When a year doesn’t start smoothly

Good blog post here http://www.seedsfamilyworship.com/being-awake-in-2017/

‘The beginning of the year didn’t start off quite like I planned…anyone else?

The transition between 2016 and 2017 was going to be seamless for me. I had pages of notes and pages of goals and pages of lists. At the end of last year, I began praying and thoughtfully anticipating my new year. I was going to be dialed in and ready. It was going to be glorious….’ (read on at the above link)

I shall not want

So, I have got to know psalm 23 well over the past few years. But I never noticed this great promise until today. I SHALL NOT WANT. I think a big question when you are in recovery is, how am I going to get through this? In fact, anyone going through a hard thing can think, what about tomorrow? In fact the Lord Jesus had a few things to say on that.

But here, right smack bang in the start of Psalm 23 is the great promise. With the Lord as my shepherd, I shall not want.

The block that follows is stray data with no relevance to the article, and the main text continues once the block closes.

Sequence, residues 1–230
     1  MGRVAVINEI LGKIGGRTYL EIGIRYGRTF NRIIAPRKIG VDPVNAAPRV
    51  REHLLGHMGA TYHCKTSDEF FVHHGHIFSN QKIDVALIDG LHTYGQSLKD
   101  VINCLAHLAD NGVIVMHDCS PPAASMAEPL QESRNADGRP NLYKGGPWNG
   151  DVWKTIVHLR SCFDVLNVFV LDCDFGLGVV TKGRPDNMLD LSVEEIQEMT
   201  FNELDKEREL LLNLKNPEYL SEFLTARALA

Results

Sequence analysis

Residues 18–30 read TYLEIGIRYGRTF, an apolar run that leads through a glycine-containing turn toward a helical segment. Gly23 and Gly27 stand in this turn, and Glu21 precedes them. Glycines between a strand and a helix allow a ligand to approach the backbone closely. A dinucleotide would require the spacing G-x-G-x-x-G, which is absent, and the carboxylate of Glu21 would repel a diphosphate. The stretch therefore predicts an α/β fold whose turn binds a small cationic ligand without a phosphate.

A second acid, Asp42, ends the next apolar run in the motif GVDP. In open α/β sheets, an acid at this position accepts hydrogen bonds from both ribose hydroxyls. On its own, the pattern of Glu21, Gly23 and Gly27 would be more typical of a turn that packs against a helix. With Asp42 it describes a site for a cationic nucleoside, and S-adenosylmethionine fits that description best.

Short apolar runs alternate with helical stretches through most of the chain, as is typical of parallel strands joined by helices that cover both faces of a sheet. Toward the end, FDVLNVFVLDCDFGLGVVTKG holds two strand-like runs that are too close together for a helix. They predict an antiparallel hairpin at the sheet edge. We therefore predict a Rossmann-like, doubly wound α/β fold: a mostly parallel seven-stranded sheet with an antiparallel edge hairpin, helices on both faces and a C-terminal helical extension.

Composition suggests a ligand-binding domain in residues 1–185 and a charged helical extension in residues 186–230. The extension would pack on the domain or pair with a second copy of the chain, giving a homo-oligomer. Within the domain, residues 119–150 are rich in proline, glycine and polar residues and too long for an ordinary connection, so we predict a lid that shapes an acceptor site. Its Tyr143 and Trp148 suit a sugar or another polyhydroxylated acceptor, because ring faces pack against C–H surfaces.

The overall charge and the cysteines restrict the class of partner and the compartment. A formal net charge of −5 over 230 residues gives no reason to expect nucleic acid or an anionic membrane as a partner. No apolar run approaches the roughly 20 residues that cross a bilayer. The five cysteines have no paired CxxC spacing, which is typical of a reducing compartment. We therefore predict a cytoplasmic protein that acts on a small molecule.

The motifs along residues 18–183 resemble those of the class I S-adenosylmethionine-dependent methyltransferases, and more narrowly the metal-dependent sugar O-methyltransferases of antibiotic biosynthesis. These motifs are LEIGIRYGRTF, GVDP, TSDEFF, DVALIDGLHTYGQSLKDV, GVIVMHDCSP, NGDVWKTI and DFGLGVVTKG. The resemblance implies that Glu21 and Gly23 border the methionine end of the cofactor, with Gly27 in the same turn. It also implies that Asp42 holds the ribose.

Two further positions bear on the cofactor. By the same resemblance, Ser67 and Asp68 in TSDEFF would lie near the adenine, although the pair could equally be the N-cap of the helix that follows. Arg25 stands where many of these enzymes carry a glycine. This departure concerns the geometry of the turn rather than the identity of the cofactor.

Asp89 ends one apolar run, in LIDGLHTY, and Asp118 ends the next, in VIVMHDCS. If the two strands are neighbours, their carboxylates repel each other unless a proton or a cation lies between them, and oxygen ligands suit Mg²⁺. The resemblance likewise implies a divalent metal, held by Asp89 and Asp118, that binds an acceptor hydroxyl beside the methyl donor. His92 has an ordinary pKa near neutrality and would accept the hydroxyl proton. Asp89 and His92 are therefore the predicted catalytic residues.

I will not have a time where my needs outweigh his supply.

There will not be a moment where I can justifiably say, he has let me down.

As he gently works on my wants, I will come to see that there is nothing I lack.

How did I miss it? Because God’s word is not just expansive for the scholars and deep thinkers; it is expansive for the believer and you can never wring it dry!

HOWEVER, beware of ‘deceitful desires’ that is another phrase that has come back to me today. Paul mentions this in Ephesians 4. As we are fundamentally broken our desires would throw us about like a ship on a tumultuous sea. We need to be wary that not everything our desires feed us is right. In fact, they could be getting used as the devil’s handmaidens to con us. Our desires are deceitful and so we need to learn to be suspicious of them. When I want something, feel a longing, notice a prod…is that thing actually true and right according to God’s word? Do I need to think about that now? How COULD I choose to think about it using good doctrine. The battle after all, is to have good doctrine rather than bad. And, everything is theological. It is theological because there is a battle raging. Thankfully the adversary is defeated.

So, realise that in the truest and best defined sense, we shall not want. But realise also, that the things you are wanting are possibly handmaidens sent to deceive you. THINK ABOUT WHAT YOU ARE THINKING ABOUT.

Look and live

Marcus Nelson preaching on John 3:16 ‘Christianity has not worked for me.’